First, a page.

6. stumog

    stumog Well-Known Member I am in england

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    You can get cruiser parts very easily there. I would suggest joining the landcruiser club S.A. as they are a very helpful bunch and the network is 2nd to nun
     
  7. steverjuk

    steverjuk New Member Supporter I am in uk

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    I've just been thinking about this and the minimum toolkit you should take.
     
  8. chapel gate

    chapel gate Well-Known Member Supporter Promoted Company I am in england

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    imo building up a tried and tested tool kit is essential. by tried and tested I mean tools that have been used on the 80 and are relevant to the 80.
    as mentioned a well maintained 80 is a reliable 80. any failures on a trip have been my own fault tbh. " that uj should last until I get back", or the crap milners wheel bearings I fitted many many moons ago..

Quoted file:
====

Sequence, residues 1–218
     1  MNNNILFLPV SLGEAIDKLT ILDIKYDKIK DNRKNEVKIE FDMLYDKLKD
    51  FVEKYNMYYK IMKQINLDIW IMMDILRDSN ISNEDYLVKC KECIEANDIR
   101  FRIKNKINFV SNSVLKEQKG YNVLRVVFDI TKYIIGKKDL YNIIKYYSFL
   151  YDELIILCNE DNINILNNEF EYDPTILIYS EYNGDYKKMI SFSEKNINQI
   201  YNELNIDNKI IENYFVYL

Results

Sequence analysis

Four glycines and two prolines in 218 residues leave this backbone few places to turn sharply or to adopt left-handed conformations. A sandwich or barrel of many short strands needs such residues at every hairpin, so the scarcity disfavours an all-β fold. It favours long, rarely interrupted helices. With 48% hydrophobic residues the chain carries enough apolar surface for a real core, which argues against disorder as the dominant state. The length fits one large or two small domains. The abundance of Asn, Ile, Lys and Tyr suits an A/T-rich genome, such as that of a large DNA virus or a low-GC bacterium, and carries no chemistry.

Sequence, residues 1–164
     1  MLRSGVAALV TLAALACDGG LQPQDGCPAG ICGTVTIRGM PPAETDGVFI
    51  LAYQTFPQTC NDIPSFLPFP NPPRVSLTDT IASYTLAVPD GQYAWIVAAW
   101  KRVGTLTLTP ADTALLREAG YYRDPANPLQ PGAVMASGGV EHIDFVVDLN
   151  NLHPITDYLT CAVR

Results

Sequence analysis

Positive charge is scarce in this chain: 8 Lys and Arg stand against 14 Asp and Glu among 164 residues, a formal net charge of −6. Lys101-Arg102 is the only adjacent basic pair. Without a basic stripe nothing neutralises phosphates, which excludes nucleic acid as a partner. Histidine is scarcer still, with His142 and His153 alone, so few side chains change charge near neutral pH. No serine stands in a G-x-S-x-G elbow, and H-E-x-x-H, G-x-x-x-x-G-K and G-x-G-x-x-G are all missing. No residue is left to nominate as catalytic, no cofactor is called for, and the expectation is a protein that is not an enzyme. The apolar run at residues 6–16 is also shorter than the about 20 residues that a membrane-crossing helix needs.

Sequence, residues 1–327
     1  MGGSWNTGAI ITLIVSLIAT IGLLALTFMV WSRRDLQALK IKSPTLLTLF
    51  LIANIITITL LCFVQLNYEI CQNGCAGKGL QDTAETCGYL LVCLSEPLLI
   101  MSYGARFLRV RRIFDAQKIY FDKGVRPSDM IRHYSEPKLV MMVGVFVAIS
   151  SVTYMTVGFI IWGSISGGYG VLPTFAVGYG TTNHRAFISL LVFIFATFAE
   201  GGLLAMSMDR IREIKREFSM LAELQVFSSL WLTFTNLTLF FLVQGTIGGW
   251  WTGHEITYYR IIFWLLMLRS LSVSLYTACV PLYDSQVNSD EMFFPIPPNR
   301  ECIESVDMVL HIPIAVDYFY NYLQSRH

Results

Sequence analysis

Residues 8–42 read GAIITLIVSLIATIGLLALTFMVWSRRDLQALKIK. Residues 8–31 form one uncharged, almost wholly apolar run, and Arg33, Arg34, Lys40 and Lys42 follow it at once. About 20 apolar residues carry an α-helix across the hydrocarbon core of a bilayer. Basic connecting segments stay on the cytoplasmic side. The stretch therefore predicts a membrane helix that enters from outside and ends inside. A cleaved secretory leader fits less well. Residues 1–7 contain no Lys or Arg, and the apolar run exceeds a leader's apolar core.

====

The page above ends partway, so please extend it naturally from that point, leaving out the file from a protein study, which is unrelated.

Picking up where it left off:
obviously depending on where someone is going, but I always have good stock back home. with someone reliable having access to them so a part can be sent out as a last resort.
     
  9. Michael Clark

    Michael Clark Member Supporter I am in uk

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    So whats on your list Mike?
     
  10. Ben Stratford

    Ben Stratford Well-Known Member Supporter I am in england

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    I would change the hoses and belts before you go and consider even changing the alternator if unknown age. Flat batteries scare me!
    For spares, perhaps include wheel bearings and the ability to change them.
    Plus whats already been suggested
     
  11. chapel gate

    chapel gate Well-Known Member Supporter Promoted Company I am in england